Three Women Environmentalists and What We Can Learn From Them

I had a different post planned for today but then learned it’s International Women’s Day! Is there an International Man’s Day? Is there a Man’s History Month? What if every day and every month involved honoring women’s work alongside their male colleagues? Are women different that they need a special day? In some ways, maybe. But that’s a different conversation….In the meantime, in honor of this special day, I chose to highlight three women environmentalists and lessons we can learn from their work. Please comment and add to the list. It is endless. – Rachel

Rachel Carson – As a child, I have specific memories about researching Carson in the encyclopedia and learning about her work. (Like any nine year old would do, I chose Carson from a list because we share the same first name.) The New Yorker also published a recent article about her legacy and there is much that can still be learned from her famous book Silent Spring. I learned that the title comes from the fact that we are slowly destroying our environment and eco-systems by playing an unnecessary role in their rhythms. Think pesticides, weed-killers and other chemicals that work to make our experience of nature more palatable to humans, yet cause immense harm in their wake. Carson noticed these changes and that every spring was becoming eerily quieter and more “silent,” as species die away due to our use of toxic chemicals. Jill Lepore writes, “Silent Spring,” a landlubber, is no slouch of a book: it launched the environmental movement; provoked the passage of the Clean Air Act (1963), the Wilderness Act (1964), the National Environmental Policy Act (1969), the Clean Water Act and the Endangered Species Act (both 1972); and led to the establishment of the Environmental Protection Agency, in 1970. The number of books that have done as much good in the world can be counted on the arms of a starfish.” While there are a lot of take-aways, I think now is an especially opportune time to learn from her research. The winter is starting to thaw and we are looking towards yard work, gardening etc. What can we do differently this year? Maybe skip the round-up, leave the dandelions and use gentler, more natural pesticides on your plants. Our actions have consequences and we must be mindful of any action we take on our environment.

Greta Thunberg, The politics of climate action are as entrenched and complex as the phenomenon itself, and Thunberg has no magic solution. But she has succeeded in creating a global attitudinal shift, transforming millions of vague, middle-of-the-night anxieties into a worldwide movement calling for urgent change. She has offered a moral clarion call to those who are willing to act, and hurled shame on those who are not. She has persuaded leaders, from mayors to Presidents, to make commitments where they had previously fumbled: after she spoke to Parliament and demonstrated with the British environmental group Extinction Rebellion, the U.K. passed a law requiring that the country eliminate its carbon footprint. She has focused the world’s attention on environmental injustices that young indigenous activists have been protesting for years. The take-away? One is never too young to act or to care. Work with your children and the younger people in your life, show them better ways and create more sustainable habits. Get them involved in grassroots efforts and political causes. Teach them well.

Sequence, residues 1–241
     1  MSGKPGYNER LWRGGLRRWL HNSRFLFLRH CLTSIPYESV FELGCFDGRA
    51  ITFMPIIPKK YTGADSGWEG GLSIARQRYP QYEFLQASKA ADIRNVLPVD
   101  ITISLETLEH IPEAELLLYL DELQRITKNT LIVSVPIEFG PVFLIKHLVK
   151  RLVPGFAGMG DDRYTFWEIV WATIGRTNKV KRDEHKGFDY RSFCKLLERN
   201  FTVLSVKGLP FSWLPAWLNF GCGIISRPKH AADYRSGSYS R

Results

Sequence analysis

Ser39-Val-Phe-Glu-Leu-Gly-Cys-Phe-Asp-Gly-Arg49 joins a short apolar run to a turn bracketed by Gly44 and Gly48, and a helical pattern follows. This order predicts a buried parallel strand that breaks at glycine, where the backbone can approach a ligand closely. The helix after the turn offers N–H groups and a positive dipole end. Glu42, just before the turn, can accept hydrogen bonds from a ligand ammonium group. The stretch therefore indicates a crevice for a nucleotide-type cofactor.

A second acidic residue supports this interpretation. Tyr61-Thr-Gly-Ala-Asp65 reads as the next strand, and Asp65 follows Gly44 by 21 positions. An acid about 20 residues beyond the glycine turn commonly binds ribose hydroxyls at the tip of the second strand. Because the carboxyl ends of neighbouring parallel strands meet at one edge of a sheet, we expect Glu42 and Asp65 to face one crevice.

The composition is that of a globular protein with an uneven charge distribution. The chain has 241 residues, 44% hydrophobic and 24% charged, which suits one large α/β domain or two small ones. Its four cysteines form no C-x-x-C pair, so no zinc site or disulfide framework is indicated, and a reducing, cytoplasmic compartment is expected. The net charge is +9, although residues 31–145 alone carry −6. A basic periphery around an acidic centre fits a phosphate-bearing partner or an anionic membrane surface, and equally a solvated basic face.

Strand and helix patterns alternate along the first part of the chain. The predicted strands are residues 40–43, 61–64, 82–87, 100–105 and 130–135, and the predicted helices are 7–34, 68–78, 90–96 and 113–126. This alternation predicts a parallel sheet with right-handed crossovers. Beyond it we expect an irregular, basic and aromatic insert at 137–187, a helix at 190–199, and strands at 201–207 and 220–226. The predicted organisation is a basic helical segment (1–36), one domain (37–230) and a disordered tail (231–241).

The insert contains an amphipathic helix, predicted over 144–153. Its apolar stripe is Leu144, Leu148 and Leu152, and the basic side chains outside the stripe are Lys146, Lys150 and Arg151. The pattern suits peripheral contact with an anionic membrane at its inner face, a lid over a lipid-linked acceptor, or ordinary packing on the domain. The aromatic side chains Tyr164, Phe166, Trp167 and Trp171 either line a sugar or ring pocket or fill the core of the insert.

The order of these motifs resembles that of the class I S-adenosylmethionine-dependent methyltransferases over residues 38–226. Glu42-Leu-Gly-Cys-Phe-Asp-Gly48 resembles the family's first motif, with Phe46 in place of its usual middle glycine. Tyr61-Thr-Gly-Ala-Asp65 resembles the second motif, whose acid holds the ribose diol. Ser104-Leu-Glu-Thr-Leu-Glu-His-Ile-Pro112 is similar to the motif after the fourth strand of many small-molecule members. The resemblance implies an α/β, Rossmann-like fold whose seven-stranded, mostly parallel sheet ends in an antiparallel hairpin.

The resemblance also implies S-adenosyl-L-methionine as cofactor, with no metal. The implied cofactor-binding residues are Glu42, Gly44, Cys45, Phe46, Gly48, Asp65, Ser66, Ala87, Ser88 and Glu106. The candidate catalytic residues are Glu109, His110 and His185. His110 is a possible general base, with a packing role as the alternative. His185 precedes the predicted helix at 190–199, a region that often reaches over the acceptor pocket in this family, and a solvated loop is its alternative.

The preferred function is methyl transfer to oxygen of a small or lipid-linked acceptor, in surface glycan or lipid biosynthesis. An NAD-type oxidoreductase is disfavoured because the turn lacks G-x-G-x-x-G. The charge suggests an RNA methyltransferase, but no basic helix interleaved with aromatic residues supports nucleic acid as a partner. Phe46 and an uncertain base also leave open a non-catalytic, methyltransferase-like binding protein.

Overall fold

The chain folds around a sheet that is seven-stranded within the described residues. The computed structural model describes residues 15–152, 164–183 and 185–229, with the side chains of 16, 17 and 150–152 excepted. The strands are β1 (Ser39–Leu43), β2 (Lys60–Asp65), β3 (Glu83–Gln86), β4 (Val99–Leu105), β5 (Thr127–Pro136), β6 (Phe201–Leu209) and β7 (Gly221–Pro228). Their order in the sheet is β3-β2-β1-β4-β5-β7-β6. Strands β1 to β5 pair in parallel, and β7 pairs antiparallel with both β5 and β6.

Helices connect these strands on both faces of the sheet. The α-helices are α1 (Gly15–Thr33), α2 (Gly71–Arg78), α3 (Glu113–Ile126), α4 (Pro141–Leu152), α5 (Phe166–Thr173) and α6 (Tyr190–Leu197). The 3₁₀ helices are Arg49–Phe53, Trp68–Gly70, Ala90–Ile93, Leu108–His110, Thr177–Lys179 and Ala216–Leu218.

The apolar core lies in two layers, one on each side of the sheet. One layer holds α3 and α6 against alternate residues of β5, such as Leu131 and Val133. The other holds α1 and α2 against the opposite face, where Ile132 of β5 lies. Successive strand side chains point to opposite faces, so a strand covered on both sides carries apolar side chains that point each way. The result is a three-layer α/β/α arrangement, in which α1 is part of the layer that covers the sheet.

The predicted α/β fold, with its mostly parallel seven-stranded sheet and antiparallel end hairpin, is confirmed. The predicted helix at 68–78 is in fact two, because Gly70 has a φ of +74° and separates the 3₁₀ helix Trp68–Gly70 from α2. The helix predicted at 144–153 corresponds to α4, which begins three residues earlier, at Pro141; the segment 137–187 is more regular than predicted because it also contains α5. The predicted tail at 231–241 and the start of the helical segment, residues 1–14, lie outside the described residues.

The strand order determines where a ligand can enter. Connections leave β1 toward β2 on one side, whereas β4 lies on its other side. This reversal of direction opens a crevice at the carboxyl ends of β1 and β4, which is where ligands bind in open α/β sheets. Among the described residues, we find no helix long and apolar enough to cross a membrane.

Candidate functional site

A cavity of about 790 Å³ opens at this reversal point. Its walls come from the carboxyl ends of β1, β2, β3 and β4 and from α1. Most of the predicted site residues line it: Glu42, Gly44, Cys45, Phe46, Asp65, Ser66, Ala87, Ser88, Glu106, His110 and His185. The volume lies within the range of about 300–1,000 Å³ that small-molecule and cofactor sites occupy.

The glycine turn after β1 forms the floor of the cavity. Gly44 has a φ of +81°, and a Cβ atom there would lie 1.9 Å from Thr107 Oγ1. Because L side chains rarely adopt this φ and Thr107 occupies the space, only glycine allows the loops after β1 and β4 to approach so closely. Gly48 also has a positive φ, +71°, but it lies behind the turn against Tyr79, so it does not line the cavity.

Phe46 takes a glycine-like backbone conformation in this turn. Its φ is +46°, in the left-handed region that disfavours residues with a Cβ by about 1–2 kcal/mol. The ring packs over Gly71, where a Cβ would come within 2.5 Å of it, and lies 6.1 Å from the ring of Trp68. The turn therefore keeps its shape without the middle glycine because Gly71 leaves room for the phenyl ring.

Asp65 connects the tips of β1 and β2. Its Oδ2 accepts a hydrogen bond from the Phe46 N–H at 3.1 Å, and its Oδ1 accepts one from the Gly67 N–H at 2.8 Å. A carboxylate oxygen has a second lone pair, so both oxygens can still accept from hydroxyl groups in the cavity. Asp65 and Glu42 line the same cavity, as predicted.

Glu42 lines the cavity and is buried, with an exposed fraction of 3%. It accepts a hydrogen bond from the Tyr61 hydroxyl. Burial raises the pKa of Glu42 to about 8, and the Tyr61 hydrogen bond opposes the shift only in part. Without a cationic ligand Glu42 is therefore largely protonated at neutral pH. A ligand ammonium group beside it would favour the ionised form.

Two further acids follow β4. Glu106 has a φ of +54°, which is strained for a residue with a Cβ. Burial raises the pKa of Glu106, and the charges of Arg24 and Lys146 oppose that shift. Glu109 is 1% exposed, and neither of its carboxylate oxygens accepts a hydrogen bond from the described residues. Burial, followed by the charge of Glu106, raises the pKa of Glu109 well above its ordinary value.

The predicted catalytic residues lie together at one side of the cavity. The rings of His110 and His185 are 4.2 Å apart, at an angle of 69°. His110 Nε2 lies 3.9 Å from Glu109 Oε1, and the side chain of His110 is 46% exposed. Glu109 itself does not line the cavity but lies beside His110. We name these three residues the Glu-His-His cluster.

Photo borrowed from Vogue Magazine

Deb Haaland, first Native American Secretary of the Interior. To be honest, I never knew much about this position until fairly recently, when Ryan Zinke intended to destroy it. I’ve since learned that this role oversees 500 million acres of public lands and the United States’ relationship with indigenous people. Similar to Carson, Haaland talks about respecting the Earth and not interfering in its rhythms. Her detractors have zeroed in on her activism, especially her forthright denunciations of any and all oil and gas exploration on public land and her fierce opposition to the natural gas extraction method known as hydraulic fracturing, or fracking. The take-away? We must work in tandem with Native American tribes, learn from their cultures and respect their lands. We cannot continue imposing our preferences (for example, placing pipelines through sacred ground) and must rather find alternative methods. I’m looking forward to seeing what Haaland accomplishes. Despite the economic hardships that their exits will cause, oil and coal are no longer sustainable and we will find a better way.

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